The Page documents are public because Republicans are making a concerted effort to undercut the investigation and defend Trump. The Justice Department and the FBI defend what they've done, but without releasing the same kinds of comprehensive accounts.

So what has never been established is whether this was the only such order or simply one of a large number — and what investigators might have made about the information they may have gleaned here through that other surveillance and vice versa.

7. What did the feds learn about Page?

Republicans' contention about the FISA request breaks down over the course of the document.

What becomes clear is this surveillance wasn't the fiendish project of "biased" officials going fishing in order to target Trump. Instead, the request shows that officials in the FBI and Justice Department renewed the request for surveillance on Page three more times, including after Trump was inaugurated.

Here's the signature of Deputy Attorney General Rod Rosenstein on the final application, dated June of 2017.

Rosenstein was nominated by Trump and confirmed by the Republican-controlled Senate. A previous renewal was signed by then-Acting Deputy Attorney General Dana Boente, who was appointed by Trump.

So the Page surveillance wasn't the project of Obama-era holdovers. And the law requires that these warrants produce useful intelligence. The three judges who agreed to renew the order had to review the intelligence this surveillance was producing and agree it justified extending the collection.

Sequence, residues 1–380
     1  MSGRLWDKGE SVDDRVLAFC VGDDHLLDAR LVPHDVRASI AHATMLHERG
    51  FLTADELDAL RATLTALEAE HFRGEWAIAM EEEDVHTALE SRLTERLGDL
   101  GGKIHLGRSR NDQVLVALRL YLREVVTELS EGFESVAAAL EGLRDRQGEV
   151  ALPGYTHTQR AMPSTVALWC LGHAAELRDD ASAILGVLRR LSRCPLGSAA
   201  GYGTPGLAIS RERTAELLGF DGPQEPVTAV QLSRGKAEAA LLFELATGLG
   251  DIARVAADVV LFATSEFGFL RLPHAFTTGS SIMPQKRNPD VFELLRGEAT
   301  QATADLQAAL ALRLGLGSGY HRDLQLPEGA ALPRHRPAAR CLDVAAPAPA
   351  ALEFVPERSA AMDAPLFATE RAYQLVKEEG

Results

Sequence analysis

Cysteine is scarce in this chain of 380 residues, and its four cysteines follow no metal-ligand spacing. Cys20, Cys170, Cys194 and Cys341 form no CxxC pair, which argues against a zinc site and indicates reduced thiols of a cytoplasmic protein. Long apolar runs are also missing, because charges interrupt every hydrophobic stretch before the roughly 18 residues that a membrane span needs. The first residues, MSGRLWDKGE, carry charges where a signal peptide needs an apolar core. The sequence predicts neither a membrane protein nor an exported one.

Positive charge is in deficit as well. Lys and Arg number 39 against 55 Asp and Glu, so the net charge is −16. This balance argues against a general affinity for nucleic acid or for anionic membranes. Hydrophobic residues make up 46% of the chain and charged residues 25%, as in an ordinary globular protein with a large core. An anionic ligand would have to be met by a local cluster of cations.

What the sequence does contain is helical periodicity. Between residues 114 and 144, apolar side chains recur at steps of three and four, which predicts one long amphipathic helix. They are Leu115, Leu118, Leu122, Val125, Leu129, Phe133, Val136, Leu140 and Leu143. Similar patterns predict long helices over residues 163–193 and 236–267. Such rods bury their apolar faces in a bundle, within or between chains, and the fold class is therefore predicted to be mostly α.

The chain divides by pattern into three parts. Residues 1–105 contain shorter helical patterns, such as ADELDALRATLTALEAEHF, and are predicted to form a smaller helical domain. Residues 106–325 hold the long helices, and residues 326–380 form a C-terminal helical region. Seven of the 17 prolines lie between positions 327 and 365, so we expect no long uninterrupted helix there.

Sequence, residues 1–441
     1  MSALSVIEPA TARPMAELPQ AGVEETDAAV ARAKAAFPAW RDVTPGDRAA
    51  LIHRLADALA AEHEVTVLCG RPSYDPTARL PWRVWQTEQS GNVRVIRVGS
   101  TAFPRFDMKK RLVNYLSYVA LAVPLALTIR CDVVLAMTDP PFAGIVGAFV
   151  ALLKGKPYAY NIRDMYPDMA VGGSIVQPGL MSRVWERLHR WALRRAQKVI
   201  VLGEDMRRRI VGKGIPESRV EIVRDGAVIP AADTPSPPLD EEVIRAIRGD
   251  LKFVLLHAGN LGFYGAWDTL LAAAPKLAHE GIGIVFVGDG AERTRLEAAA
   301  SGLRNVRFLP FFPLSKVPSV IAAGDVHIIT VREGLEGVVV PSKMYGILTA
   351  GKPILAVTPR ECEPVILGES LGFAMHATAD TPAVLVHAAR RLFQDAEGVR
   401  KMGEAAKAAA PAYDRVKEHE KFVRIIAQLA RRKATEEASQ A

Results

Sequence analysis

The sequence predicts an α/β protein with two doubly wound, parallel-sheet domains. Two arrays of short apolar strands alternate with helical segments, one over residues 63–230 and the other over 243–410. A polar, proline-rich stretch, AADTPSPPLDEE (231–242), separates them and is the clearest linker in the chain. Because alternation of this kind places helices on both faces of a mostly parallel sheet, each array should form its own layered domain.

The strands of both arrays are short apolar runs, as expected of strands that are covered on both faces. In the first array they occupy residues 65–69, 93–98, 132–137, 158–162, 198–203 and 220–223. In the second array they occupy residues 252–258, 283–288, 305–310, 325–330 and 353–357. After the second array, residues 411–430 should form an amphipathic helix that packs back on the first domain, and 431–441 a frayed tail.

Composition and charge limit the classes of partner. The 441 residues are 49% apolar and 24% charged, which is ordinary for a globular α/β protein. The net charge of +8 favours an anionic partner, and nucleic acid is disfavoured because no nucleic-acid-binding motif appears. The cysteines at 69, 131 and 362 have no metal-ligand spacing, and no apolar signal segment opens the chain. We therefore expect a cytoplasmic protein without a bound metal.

The redacted version of this FISA order from July includes extensive blacked-out sections that may detail what investigators learned about Page. If they were released, that could provide a treasure trove of new information — along with what could be a huge backlash by the Justice Department and the FBI.

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Philip Ewing is an election security editor with NPR's Washington Desk. He helps oversee coverage of election security, voting, disinformation, active measures and other issues. Ewing joined the Washington Desk from his previous role as NPR's national security editor, in which he helped direct coverage of the military, intelligence community, counterterrorism, veterans and more. He came to NPR in 2015 from Politico, where he was a Pentagon correspondent and defense editor. Previously, he served as managing editor of, and before that he covered the U.S. Navy for the Military Times newspapers.